Should transgender individuals have more protected rights?
A recent increase in state bills restricting transgender rights has sparked intense debate on whether transgender individuals should have additional protected rights.
Rise of the Issue
Transgender individuals – defined by the American Psychological Association as persons whose gender identity, expression, or behavior do not conform with their sex assigned at birth – have gained more and more time in the spotlight lately. With prominent figures such as Caitlyn Jenner, Laverne Cox, and Elliot Page talking openly about their transition and gender identity, a global conversation has sparked around the issues transgender individuals face in our contemporary world. As transgender persons are becoming more visible in the public sphere, attitudes toward them are changing. But despite greater recognition, tolerance, and support, transgender individuals are still highly subjected to violence and discrimination. For this reason, voices arise to ask for additional transgender rights to protect them. To this day, federal legislation does not expressly protect people from gender identity-based discrimination.
Overall, the debate opposes those who think that attributing more protected rights to transgender individuals would give them access to better and fairer treatment in a world still dominated by prejudice against them, to those who believe that some of these rights could be counterproductive, either for transgender individuals themselves and/or for cisgender individuals.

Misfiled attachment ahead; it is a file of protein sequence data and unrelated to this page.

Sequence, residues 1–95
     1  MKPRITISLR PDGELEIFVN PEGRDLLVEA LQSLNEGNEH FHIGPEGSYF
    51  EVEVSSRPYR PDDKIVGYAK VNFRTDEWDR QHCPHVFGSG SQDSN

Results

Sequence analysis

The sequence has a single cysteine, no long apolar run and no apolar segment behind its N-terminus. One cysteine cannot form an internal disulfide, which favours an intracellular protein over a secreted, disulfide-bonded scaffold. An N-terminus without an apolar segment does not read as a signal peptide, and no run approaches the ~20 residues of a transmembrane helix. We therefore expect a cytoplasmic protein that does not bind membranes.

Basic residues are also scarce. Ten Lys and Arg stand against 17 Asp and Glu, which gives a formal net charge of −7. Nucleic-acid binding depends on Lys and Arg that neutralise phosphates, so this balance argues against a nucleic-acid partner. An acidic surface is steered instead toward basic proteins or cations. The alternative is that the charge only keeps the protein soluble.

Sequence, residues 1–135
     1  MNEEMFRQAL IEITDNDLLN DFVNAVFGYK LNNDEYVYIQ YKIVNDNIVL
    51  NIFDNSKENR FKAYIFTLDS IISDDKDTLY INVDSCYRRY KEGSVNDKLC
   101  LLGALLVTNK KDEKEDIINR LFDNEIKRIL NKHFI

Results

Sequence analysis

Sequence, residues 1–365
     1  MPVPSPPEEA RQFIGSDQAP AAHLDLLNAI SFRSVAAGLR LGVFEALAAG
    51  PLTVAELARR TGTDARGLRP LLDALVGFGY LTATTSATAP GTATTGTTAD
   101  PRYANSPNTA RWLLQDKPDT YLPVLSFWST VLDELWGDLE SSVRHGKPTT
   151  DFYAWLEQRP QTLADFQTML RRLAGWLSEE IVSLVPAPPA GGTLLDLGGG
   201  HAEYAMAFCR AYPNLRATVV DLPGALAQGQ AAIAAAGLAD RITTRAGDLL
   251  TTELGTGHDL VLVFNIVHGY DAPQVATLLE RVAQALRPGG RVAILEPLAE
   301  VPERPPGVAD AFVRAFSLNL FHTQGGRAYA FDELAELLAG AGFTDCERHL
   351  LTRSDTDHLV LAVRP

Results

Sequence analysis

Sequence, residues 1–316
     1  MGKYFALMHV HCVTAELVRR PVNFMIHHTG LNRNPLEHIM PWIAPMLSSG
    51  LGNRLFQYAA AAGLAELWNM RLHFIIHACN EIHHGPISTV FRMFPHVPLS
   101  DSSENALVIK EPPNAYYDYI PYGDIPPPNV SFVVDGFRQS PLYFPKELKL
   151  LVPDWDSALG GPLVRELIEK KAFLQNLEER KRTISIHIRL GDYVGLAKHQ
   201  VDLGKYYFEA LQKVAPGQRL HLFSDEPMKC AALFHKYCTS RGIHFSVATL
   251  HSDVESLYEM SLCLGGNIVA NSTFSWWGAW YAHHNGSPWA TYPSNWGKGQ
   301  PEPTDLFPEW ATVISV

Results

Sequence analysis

Christine Jorgensen Transitions from Male to Female
Although not the first American to medically transition, she was the first person to become widely known in the United States for having sex reassignment surgery. She had a career as an actress, singer, and recording artist.
Stonewall Riots Against Police Discrimination
Undercover agents intended to raid the popular gay bar the Stonewall Inn in New York City to arrest trans women and drag queens. Patrons refused to comply and subsequently protested against the police - during what is considered the kick-off to a transformation of the gay liberation movement.
Angie Zapata is Beaten to Death
The 18-year-old trans woman was beaten to death by her 31-year-old boyfriend after he found out she was trans. The killer was convicted of first-degree murder and hate crime, which was a first in the United States that a conviction for a hate crime involved a transgender victim.
2019 - 2020
The U.S. Supreme Court Rules that Title VII Protects Transgender Employees
In the case of R.G. & G.R. Harris Funeral Homes Inc. v. Equal Employment Opportunity Commission, the Supreme Court held that Title VII – equal employment opportunity – of the Civil Rights Act of 1964 that protects against sex discrimination in employment extend to transgender employees.
Mississippi Bans Trans Women from Female Sports
Governor Reeves said he wanted to “ensure that young girls in Mississippi have a fair, level playing field in public schools.”
White House Recognizes Transgender Day of Visibility
President Biden is the first president to recognize the day and address issues faced by transgender people such as violence, harassment, and discrimination.